Astydameia (Ancient Greek: Ἀστυδάμεια, derived from ἄστυ, "town", and δαμάω, "to tame") is a name that was given to five different figures in Greek mythology.

The first Astydameia, also known as Hippolyte, was the wife of Acastus, king of Iolcus. It was Acastus who absolved Peleus of the murder of King Eurytion. Astydameia fell for Peleus, but he rejected her.

So, she sent a message to Peleus' wife, Antigone, falsely claiming that her husband would marry Sterope, the daughter of Acastus. As a result, Antigone committed suicide.

Afterwards, Astydameia told her husband that Peleus tried to rape her, so Acastus took Peleus on a hunting trip where he was left unprotected during an attack by centaurs (specifically: Acastus would abandon Peleus upon the mountain, unarmed, whilst Peleus slept, believing that the wild centaurs on the mountain would kill Peleus).

Peleus managed to survive thanks to the help of Chiron and Hermes.

​Peleus would return to Iolcus at the head of an army, when he was joined by Castor and Pollox, and Jason. Peleus now sought revenge upon the woman who had caused his wife to die.

Iolcus would fall to Peleus, and having caught Astydamia, the Queen of Iolcus was killed, with body quartered. Peleus then led the army between the dismembered limbs.

Some say of Astydamia’s husband, Acastus, being killed at the same time, though others tell of him remaining king for a while longer.

Another Astydameia was a lover of Heracles, with whom she had a son, Ctesippus.

The other three figures by the same name had minor roles in Greek mythology; one was the daughter of Pelops and Hippodamia; the other was the sister of Pylades; and the third was the mother of Lepreus.

Overall, in Greek mythology, Astydameia refers to the following figures:

Astydameia, daughter of Cretheus (also known as Hippolyta), was the Queen of Iolcus and wife of Acastus. Her husband purified Peleus of the murder of King Eurytion of Phthia. Astydameia fell in love with Peleus but he scorned her. Bitter, she sent a messenger to Antigone, Peleus' wife, to tell her that Peleus was to marry Acastus' daughter, Sterope; Antigone hanged herself.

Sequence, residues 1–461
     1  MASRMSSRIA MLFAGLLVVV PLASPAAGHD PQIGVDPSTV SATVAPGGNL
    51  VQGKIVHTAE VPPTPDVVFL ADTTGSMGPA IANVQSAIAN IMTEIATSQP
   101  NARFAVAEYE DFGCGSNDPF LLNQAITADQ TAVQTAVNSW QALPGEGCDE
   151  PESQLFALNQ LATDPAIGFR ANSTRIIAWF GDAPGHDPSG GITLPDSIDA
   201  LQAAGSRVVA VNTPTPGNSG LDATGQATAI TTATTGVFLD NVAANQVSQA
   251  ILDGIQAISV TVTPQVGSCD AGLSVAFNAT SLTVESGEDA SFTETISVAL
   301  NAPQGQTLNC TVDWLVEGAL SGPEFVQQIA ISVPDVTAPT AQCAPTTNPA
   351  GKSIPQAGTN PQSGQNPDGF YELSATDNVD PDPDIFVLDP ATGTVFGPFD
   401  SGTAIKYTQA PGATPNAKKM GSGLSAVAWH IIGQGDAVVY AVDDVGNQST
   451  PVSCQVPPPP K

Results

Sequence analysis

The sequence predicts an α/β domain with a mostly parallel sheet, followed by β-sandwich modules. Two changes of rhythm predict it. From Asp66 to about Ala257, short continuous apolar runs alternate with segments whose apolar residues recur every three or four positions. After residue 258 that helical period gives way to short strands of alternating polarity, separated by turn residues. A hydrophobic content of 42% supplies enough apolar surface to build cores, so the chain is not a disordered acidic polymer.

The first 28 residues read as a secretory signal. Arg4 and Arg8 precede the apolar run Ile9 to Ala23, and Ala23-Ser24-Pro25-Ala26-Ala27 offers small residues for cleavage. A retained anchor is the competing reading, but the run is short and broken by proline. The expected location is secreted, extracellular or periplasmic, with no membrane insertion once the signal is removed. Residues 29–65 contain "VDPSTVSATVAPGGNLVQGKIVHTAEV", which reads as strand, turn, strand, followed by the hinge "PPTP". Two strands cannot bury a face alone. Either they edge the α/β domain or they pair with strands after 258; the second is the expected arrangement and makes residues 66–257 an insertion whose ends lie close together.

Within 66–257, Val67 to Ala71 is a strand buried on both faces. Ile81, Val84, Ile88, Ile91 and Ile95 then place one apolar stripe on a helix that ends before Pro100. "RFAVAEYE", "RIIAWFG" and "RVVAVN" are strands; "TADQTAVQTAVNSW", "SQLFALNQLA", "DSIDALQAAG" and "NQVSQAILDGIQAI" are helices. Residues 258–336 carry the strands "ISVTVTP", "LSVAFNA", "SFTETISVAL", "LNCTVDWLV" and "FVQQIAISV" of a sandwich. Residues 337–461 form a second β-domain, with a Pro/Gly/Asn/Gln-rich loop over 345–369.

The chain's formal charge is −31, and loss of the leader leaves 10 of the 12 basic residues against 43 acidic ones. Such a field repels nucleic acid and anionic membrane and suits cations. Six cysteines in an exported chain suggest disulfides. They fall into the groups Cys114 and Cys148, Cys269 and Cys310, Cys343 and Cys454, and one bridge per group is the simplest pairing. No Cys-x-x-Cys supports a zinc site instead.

Astydameia then told Acastus that Peleus had tried to rape her. Acastus believed the false accusations and tried to take revenge in Peleus by taking him on a hunting trip and leaving him unprotected as a group of Centaurs attacked. Peleus escaped death with the help of Chiron and Hermes; he pillaged Iolcus and dismembered Astydameia, then marched his army between the rended limbs.

Astydameia, daughter of Pelops and Hippodamia. She married Alcaeus and had children by him: Amphitryon, Anaxo, and Perimede. In other accounts, the wife of Alcaeus was named Hipponome, daughter of Menoeceus or Laonome, daughter of Guneus.

Astydameia, daughter of Phorbas and mother of Lepreus by Caucon, son of Poseidon. She persuaded Heracles to reconcile with her son, who had previously advised Augeas to cast Heracles in bonds.

Astydameia, mother of Ctesippus by Heracles. In one source, she is the daughter of Amyntor. Another account makes her the daughter of Ormenus, king of Ormenion. Heracles, the same source relates, wooed her, but Ormenius would not marry her to him since Heracles was already married to Deianira. Heracles then led a war against Ormenius, killed him and took Astydameia by force. Astydameia (or Astygeneia) is also an alternate name for Astyoche, daughter of Phylas, who bore Heracles a son Tlepolemus (Tlepolemus was the leader of the Rhodian forces in the Trojan War).

Astydameia, was briefly mentioned by a scholiast on Euripides as the daughter of Strophius and Cydragora and sister of Pylades.


Pindar, Nemean Ode 4.54 (88) with scholia

Scholia on Apollonius Rhodius, Argonautica, 1. 224

Scholia on Aristophanes, Clouds, 1063

Pseudo-Apollodorus, Bibliotheca 3.13.1-3 & 7

Pseudo-Apollodorus, Bibliotheca 2.4.5

Pausanias, Graeciae Descriptio 8.14.2

Aelian, Varia Historia 1.24

Pseudo-Apollodorus, Bibliotheca 2.7.8

Diodorus Siculus, Bibliotheca historica 4.37.

Diodorus Siculus, Bibliotheca historica 4.37.4

Pindar, Olympian Ode 7.24, with the scholia, in which Pherecydes (fr. 80 Fowler) is cited for the alternative name "Astygeneia".

Scholia on Euripides, Orestes, 33

"Greek Mythology"


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